Towards a Cognitive Assistant for Computational Chemistry: Investigating automatable methods to analyse the output of simulations (iCase joint with IBM Research UK)


Description: With the emergence of high-throughput virtual screening as a tool for materials discovery, larger and more complex data sets are being produced as the output from simulation. Indeed, in the foreseeable future, the human task of identifying and classifying distinguishing features from the data will become the bottleneck to progress. This project will investigate automatable methods to analyze the output of simulations, extract relevant features, and use these features to both build on the fly QSPR type predictors, and to suggest new simulations which could bring additional value. A wide range of simulation classes will be analysed, from coarse grained models of bulk materials, to atomistic methods for small molecules, and extending into QM methods for investigating electronic structure.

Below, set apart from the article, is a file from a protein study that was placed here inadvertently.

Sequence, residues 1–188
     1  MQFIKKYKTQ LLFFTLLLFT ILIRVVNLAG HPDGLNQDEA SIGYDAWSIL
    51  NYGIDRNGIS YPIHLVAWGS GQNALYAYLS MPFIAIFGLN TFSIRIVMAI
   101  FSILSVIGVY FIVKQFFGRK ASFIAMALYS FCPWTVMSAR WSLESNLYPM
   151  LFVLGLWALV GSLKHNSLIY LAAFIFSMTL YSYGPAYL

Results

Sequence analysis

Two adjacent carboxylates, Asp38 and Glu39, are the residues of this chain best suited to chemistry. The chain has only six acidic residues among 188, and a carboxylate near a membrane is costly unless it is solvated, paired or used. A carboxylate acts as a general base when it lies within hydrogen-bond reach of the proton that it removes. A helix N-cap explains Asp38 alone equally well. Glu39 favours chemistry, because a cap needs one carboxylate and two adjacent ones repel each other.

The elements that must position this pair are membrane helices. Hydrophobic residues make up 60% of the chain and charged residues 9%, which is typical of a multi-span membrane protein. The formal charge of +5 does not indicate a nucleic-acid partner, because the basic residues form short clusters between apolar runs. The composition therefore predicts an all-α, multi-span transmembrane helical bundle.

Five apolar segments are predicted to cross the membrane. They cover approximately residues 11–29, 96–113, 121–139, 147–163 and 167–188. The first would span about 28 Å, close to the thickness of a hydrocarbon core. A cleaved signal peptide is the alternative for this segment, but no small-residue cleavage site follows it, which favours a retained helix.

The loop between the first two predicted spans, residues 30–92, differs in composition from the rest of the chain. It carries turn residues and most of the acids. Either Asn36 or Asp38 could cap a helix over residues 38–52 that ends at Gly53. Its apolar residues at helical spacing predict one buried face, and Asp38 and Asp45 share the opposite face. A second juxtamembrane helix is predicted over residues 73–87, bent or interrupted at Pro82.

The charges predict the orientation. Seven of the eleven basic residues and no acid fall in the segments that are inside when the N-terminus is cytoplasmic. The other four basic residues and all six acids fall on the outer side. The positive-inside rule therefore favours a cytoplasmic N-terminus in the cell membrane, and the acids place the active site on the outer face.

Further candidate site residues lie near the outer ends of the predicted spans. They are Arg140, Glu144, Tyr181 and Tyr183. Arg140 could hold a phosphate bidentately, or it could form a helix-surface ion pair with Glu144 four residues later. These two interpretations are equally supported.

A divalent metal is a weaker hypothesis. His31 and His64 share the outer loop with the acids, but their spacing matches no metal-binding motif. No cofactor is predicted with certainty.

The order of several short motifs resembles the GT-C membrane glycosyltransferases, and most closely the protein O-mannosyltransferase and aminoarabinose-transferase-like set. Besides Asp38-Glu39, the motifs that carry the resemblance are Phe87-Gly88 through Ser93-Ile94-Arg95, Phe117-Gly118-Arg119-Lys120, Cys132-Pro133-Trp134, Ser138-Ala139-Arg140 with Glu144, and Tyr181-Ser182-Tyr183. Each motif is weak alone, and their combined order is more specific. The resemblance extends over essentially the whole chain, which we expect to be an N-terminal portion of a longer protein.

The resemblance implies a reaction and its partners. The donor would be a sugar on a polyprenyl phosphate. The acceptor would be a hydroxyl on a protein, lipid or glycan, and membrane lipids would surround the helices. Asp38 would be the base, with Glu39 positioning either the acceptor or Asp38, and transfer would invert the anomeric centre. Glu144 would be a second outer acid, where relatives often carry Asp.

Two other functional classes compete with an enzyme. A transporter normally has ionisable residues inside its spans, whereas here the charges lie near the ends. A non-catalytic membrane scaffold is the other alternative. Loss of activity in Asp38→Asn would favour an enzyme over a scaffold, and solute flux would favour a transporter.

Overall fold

Environment: This studentship will be based for at least 6 months at IBM Research UK within the Hartree Center in Daresbury, which was establishged to transform the competitiveness of UK industry by accelerating the adoption of High Performance Computing, Big Data and Cognitive technologies. Other Hartree focus areas include high accuracy formulation in consumer goods, manufacturing challenges and life sciences projects such as precision agriculture, anti-microbial surfaces and genomics. At the University, the studentship will be based in the Materials Innovation Factory (MIF), a new £68 M research facility, supervised by Prof. A. I. Cooper FRS, the MIF Academic Director. The studentship is funded by EPSRC but will also form a part of the Leverhulme Research Centre for Functional Materials Design, a new £10 M, 10-year activity funded by the Leverhulme Trust. 

Qualifications: A 2:1 or higher degree or equivalent in Chemistry with a strong interest in data-science, or alternatively a strong interest in physical science but with Mathematics or Computer Science background. The candidate will be expected to have strong programming abilities (Python preferred), and an interest in the application of machine-learning techniques to complex chemical problems. 

Informal enquiries should be addressed to Professor Cooper 

To apply for this opportunity, click here.